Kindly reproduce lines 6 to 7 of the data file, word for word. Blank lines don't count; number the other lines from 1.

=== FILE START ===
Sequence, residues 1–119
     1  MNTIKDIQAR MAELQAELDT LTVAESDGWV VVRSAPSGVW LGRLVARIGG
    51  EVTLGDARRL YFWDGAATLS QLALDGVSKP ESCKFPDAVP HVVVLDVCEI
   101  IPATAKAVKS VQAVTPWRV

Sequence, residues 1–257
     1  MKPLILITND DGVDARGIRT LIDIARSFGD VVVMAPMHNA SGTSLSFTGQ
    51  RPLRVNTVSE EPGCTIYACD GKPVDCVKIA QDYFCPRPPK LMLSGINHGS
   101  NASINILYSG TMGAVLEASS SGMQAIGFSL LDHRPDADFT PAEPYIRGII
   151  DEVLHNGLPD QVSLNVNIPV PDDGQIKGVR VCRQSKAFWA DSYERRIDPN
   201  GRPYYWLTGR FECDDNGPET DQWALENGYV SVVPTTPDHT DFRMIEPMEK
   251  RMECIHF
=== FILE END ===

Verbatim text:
     1  MKPLILITND DGVDARGIRT LIDIARSFGD VVVMAPMHNA SGTSLSFTGQ
    51  RPLRVNTVSE EPGCTIYACD GKPVDCVKIA QDYFCPRPPK LMLSGINHGS